Bergen County is a thriving Jewish community. Because so many people live here, there are – happily – very many births, and there are also – sadly, terribly, at times tragically – very many deaths.
We seldom hear such sadness, coming from so many directions, as we have heard about the death of Rabbi Yossie Stern, the founder and executive director of Project Ezra.
Among the tributes was an anonymous letter that we feel compelled to share with the community.
“It is obvious that he was an exceptional human being,” the letter began. “His drive to start an organization like Project Ezra was clearly based on a key essence of his personality, which was a deep love and concern for his fellow human beings. I also believe that his deep concern for his fellow man was not limited to Jews, but extended to all people.”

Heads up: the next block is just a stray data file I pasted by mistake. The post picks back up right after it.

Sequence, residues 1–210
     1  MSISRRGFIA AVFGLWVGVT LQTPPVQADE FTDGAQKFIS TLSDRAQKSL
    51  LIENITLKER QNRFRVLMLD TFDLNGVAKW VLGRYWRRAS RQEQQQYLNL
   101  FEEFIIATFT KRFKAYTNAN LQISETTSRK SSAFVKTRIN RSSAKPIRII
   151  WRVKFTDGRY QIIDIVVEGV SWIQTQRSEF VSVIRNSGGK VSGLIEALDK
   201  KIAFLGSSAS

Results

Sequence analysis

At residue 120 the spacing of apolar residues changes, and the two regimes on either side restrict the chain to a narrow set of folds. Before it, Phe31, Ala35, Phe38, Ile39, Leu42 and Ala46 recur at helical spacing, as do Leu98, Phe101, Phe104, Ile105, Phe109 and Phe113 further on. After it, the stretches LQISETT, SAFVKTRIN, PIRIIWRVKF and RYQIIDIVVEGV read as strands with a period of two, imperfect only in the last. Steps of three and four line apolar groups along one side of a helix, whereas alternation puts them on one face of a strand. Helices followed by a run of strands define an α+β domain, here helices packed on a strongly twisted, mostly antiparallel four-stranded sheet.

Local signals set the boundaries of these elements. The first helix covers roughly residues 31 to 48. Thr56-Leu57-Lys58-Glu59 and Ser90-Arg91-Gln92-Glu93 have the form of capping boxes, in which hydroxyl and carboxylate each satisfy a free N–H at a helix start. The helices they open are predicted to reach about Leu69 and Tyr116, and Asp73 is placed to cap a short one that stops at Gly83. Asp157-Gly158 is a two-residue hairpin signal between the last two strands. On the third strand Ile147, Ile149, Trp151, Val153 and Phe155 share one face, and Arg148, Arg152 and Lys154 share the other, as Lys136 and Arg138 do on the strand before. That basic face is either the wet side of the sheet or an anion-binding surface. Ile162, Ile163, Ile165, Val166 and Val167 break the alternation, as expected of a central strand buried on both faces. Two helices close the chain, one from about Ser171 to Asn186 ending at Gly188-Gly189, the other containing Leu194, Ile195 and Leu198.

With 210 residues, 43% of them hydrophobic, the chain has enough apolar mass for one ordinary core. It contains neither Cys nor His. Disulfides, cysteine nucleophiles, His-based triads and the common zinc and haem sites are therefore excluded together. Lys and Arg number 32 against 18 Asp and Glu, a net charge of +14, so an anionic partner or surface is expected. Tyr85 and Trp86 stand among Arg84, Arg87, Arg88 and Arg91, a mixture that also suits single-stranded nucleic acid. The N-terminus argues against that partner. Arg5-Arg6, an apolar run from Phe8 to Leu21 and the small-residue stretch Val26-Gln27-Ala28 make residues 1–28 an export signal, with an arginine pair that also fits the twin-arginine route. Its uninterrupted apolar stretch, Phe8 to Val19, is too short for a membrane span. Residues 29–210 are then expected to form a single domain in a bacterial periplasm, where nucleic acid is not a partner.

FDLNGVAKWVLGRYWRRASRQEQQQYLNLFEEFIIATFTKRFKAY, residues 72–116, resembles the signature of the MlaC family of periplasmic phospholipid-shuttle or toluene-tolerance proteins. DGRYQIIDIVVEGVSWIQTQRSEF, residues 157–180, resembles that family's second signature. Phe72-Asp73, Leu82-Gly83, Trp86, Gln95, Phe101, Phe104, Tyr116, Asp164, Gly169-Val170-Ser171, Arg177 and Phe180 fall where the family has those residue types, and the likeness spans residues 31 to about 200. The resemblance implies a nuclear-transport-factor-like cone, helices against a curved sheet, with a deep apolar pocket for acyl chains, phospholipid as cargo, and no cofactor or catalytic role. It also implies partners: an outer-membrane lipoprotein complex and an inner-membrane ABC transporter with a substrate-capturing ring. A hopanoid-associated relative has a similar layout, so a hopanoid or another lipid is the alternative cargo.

The writer knew Rabbi Stern only in the context of Project Ezra – meaning, as he made clear, that he knew him only when he, the writer, was a suppliant, needy, looking for help. That is not an easy way to meet someone. “To be completely honest, I hated going to Project Ezra,” he wrote. “Once you enter their office, the issue that you are presently incapable of providing for yourself or your family becomes a stark reality.” That, of course, is despite everyone’s best intentions, but it is an inevitable, unavoidable truth.
Despite that, he could see Rabbi Stern clearly.
“He was kind and he was charitable â€¦ over time I came to realize that he was absolutely brilliant,” the letter continued. “He was not there to just throw money at a problem, believing it would repair the situation. He assessed the entire person. He looked deep into your soul to make a human assessment of how best you needed to be helpedâ€¦.
“He basically looked for the good in everyone, and his keen insight into understanding the human condition helped him better meet the needs of the families he was trying to help.
“He did not just learn Torah, he lived and practiced it.”
The world could use many more such people.
May his memory be a blessing.